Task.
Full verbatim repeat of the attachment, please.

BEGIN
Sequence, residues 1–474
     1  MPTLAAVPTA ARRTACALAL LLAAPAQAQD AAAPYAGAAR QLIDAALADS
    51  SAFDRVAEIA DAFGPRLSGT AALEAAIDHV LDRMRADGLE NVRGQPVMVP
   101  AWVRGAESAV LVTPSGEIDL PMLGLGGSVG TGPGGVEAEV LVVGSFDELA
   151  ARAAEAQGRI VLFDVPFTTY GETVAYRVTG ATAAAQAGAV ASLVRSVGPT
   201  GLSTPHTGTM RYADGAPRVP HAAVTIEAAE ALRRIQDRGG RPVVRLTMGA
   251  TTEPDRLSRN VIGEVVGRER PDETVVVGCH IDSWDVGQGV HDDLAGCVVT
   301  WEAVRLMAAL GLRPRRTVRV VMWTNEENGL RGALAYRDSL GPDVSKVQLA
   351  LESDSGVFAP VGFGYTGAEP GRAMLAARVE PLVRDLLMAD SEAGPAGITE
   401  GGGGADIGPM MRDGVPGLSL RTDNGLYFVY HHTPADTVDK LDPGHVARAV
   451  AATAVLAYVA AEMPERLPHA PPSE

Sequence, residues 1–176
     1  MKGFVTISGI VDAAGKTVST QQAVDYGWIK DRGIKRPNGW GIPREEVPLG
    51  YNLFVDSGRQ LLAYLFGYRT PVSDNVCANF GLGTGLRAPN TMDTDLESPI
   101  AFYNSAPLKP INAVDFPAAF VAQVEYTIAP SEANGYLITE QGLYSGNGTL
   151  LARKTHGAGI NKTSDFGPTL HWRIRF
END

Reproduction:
Sequence, residues 1–474
     1  MPTLAAVPTA ARRTACALAL LLAAPAQAQD AAAPYAGAAR QLIDAALADS
    51  SAFDRVAEIA DAFGPRLSGT AALEAAIDHV LDRMRADGLE NVRGQPVMVP
   101  AWVRGAESAV LVTPSGEIDL PMLGLGGSVG TGPGGVEAEV LVVGSFDELA
   151  ARAAEAQGRI VLFDVPFTTY GETVAYRVTG ATAAAQAGAV ASLVRSVGPT
   201  GLSTPHTGTM RYADGAPRVP HAAVTIEAAE ALRRIQDRGG RPVVRLTMGA
   251  TTEPDRLSRN VIGEVVGRER PDETVVVGCH IDSWDVGQGV HDDLAGCVVT
   301  WEAVRLMAAL GLRPRRTVRV VMWTNEENGL RGALAYRDSL GPDVSKVQLA
   351  LESDSGVFAP VGFGYTGAEP GRAMLAARVE PLVRDLLMAD SEAGPAGITE
   401  GGGGADIGPM MRDGVPGLSL RTDNGLYFVY HHTPADTVDK LDPGHVARAV
   451  AATAVLAYVA AEMPERLPHA PPSE

Sequence, residues 1–176
     1  MKGFVTISGI VDAAGKTVST QQAVDYGWIK DRGIKRPNGW GIPREEVPLG
    51  YNLFVDSGRQ LLAYLFGYRT PVSDNVCANF GLGTGLRAPN TMDTDLESPI
   101  AFYNSAPLKP INAVDFPAAF VAQVEYTIAP SEANGYLITE QGLYSGNGTL
   151  LARKTHGAGI NKTSDFGPTL HWRIRF